We describe the case of a 54-year-old female with severe aortic stenosis and a background of severe comorbidities including prior radiotherapy for Hodgkin’s lymphoma, splenectomy, severe chronic obstructive pulmonary disease, scleroderma with laryngeal and esophageal involvement, and systemic and pulmonary hypertension. The patient underwent totally video-guided aortic valve replacement through a minimally invasive right anterior thoracotomy (Video 1).
The operative room setup, patient position and draping was performed according to standardized protocols at our institution. The patient was positioned supine with a 30° elevation of the right shoulder in order to extend the intercostal spaces. Single-lumen endotracheal intubation is achieved, and a four-lumen central right jugular vein catheter is placed. External plaques for direct current (DC) shock are always applied.
Cardiopulmonary bypass (CPB) in our minimally invasive operation is performed through peripheral cannulation with surgical exposure of the femoral artery via a small skin incision and counter-lateral percutaneous femoral venous drainage. A minimally invasive right-sided thoracotomy in the 2nd or 3rd intercostal space is made with soft-tissue retractor placement; two additional 5 mm ports are made to place the 30° thoracoscope with CO2 insufflation and the left ventricle venting line. A 3rd port is made using a Chitwood clamp instead of the Cygnet clamp.
After aortic cross clamp, the initial shot of antegrade crystalloid cardioplegia was given directly into the aortic root. Following transverse aortotomy, successive doses were given selectively into the coronary ostia. Under video-thoracoscopic view, accurate excision of native aortic leaflets and annular decalcification was made to achieve a smooth and regular surface in order to reduce the risk of paravalvular leaks. An accurate aortic box sizing was made; subsequently three 2/0 Ethibond sutures without pledgets were placed using a “U” annular passage at the nadir of Valsalva’s sinuses. A 21-mm Edwards Intuity Elite bioprosthesis was then implanted as indicated and the three Ethibond stitches were tightened.
The valve was visually inspected for paravalvular leakage. The aortotomy was then closed as usual with two 4/0 Prolene running sutures. Once the patient was been weaned from CPB, transesophageal echocardiography was used to assess the prosthesis in order to exclude paravalvular leaks or other abnormalities. The two ports for thoracoscope and venting line were used for 24 Fr chest tubes drainages positioning and the minithoracotomy was closed.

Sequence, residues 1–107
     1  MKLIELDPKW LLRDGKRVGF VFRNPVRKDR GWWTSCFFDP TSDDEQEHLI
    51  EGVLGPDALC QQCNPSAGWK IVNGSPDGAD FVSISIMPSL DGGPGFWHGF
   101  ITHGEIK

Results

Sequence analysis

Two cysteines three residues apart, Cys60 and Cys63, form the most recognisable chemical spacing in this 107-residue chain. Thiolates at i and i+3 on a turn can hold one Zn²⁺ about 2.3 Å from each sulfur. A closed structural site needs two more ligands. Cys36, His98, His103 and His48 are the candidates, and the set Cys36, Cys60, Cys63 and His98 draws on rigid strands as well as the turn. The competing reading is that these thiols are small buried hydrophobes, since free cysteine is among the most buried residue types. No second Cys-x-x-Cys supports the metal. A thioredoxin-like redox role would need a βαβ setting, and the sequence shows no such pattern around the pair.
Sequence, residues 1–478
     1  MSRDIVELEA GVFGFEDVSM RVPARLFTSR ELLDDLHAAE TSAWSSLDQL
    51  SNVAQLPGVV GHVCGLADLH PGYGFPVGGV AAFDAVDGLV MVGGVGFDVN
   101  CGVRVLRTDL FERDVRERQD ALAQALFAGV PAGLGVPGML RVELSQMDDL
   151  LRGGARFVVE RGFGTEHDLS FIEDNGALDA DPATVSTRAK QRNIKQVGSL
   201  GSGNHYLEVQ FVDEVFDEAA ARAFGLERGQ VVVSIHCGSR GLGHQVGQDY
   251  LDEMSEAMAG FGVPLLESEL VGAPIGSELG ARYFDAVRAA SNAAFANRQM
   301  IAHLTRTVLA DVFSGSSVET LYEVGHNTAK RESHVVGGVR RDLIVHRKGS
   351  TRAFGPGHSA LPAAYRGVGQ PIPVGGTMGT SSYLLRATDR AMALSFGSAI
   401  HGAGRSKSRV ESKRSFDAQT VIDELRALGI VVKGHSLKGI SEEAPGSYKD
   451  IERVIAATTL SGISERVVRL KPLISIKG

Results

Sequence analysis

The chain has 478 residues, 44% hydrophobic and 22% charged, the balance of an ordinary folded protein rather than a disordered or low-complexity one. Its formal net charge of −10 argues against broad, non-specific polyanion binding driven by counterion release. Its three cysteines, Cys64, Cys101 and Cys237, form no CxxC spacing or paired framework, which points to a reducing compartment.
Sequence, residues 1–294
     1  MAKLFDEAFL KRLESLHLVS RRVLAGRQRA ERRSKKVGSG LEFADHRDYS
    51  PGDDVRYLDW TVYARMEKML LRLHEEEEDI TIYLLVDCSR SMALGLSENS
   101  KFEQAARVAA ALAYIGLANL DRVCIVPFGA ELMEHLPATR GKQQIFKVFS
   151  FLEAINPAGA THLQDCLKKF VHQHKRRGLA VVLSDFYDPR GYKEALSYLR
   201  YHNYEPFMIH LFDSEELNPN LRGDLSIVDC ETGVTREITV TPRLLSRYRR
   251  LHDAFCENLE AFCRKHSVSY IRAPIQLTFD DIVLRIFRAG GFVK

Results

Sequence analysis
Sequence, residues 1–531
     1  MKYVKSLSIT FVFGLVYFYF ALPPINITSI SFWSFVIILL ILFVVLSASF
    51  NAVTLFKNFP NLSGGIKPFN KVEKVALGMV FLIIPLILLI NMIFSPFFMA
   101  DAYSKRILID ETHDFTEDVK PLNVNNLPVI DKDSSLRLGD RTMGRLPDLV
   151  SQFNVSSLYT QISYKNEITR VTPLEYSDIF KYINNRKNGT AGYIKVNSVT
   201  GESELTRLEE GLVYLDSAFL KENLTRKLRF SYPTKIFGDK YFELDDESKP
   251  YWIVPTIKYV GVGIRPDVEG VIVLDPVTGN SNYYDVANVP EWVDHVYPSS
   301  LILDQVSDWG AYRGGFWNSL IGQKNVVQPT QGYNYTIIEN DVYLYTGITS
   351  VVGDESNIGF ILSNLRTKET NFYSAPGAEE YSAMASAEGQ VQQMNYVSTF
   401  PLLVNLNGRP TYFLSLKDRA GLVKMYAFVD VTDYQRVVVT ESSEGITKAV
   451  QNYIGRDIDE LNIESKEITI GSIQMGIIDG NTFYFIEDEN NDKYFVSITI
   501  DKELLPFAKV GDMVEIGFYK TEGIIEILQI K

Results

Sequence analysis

The patient was extubated after 4 hours, the postoperative course was uneventful except for new onset of paroxysmal atrial fibrillation and a right pleural effusion requiring delayed drainage removal and patient discharge.
Minimally invasive aortic surgery is an excellent choice for debilitated and fragile patients (1,2). Reducing surgical trauma and sternal sparing translates into a faster recovery after surgery, a reduced need for transfusions and fewer perioperative complications (3-5). The surgery performed under video-guided assistance allows the surgeon to avoid a specific preoperative assessment such as computed tomography (CT) imaging to assess the position of the aortic valve respect to the sternum. It also reduces the thoracotomy incision size with less pain, patient discomfort and better aesthetic results.
Video-guided minimally invasive cardiac surgery requires a long learning curve; in order to perform it in a safe and reproducible way, the center must have extensive experience in minimally invasive thoracoscopic surgery (i.e., mitral valve surgery).
Technically in small aortic roots, is difficult to place the stitch for the right coronary sinus. The relative tourniquet, that must firmly fix the bioprosthesis to the native annulus, sometimes lifts the valve from the annulus as result of the impingement with the prosthesis holder itself. As safeguard, we suggest to perform a lateral right extended aortotomy in order to easily reach the left region. Once the aorta has been closed, the de-clamped the portion of the aortotomy next to the pulmonary artery is very difficult to handle with a right-sided thoracoscopic access, and thus bleeding in that zone may be difficult to control.
Disclosure: The authors declare no conflict of interest.
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